For the common good of RVA

The aim of Common Good RVA is to promote the well-being of Richmond as a city; well-being that derives from Richmond being magnificently itself.

Erik Bonkovsky is a pastor at City Church of Richmond and a cofounder of Common Good RVA.

Two years ago, a pastor friend and I began talking about an initiative to help more people in Richmond see that their work matters to God and for the good of the city. In part we were acknowledging that we had failed our congregations by focusing too much on service in the church rather than work in the city. We admitted that we were so focused on filling the parking lots of the church (real and metaphoric) that we neglected helping people find on-ramps to public work. From that conversation, Common Good RVA was born.

Common Good RVA seeks to shape a different story of Richmond, precisely by telling stories of vocational faithfulness. At a time when many people question the purpose and value of their work, we see an opportunity to connect people’s professional lives to the larger good of promoting order, beauty, truth, and abundance. To those wondering “Is my work working,” we want to say “The work you do matters, to God and for Richmond.”

The work of artists–creating beauty and inspiring others–matters. The work of business–cultivating order and wealth–matters. The work of mechanics–setting things right –matters The work of mothers and fathers, writers and weavers, butchers and bakers and craft-beer makers. It all matters.

By emphasizing work for the common good we are recognizing a pattern that says our natural world is improved through human ingenuity and effort. Human culture, as carried out by individuals and communities, is not always a work of desecration or destruction. At its best human work can accentuate, augment, and extend the givens of a place to make it even better. Just as a fine piece of furniture can improve the natural wood from which its made, so the collective efforts of a population can enhance a city’s resources and improve its quality of life.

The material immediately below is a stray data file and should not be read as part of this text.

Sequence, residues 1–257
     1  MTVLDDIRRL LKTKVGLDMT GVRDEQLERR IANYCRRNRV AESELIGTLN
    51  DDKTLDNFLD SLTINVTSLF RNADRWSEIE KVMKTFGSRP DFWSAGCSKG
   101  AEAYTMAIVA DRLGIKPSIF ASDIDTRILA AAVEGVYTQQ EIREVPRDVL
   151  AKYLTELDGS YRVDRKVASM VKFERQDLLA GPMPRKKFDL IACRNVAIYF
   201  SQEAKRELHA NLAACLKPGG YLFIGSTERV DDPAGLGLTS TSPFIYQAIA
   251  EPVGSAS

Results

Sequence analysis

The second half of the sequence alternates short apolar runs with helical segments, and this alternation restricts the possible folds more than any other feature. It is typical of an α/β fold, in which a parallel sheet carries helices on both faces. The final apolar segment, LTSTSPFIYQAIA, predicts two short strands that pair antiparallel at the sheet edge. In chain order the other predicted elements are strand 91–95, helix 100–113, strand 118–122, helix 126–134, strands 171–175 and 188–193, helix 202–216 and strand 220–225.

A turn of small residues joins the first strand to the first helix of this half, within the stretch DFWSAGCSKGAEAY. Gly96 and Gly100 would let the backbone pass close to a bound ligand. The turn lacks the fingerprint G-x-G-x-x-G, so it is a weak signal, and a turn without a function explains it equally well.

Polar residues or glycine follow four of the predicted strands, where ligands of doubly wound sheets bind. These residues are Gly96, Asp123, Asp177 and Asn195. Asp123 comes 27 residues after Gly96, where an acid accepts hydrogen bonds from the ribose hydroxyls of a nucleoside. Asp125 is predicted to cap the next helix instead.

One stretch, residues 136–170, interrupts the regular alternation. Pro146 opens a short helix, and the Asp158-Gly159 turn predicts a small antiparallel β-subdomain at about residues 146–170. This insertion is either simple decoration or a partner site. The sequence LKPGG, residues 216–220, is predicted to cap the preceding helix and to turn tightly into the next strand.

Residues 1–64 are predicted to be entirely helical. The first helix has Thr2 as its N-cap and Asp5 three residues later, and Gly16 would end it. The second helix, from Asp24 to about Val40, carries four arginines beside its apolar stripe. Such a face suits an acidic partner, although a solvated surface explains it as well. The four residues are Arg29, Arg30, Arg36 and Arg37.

The aim of Common Good RVA is to promote the well-being of Richmond as a city; well-being that derives from Richmond being magnificently itself. That means not trying to be the next Charlotte, the next Atlanta, or the next Charleston, but a better Richmond. Richmond’s common good won’t come simply from mimicking neighbors next door, but working to express our own true essence.

As such, Richmond’s common good won’t come by denying our past wounds and failures. We can’t whitewash our history, but neither can we allow that history to forever determine the future. By reaching back into the city’s past to find and tell counter-narratives, we can inspire more work for the common good today.

If the common good of Richmond is informed by reaching back into the past, it is also shaped by looking ahead to the future. Resignation and cynicism are threats when it comes to progress for our region. Common Good RVA wants to help residents see our work as a foretaste of what Richmond can and may become. There are times when our work won’t be the fully loaded hot fudge sundae we want it to be, but it may be the sample taster spoon of ice cream, the hint of what will be.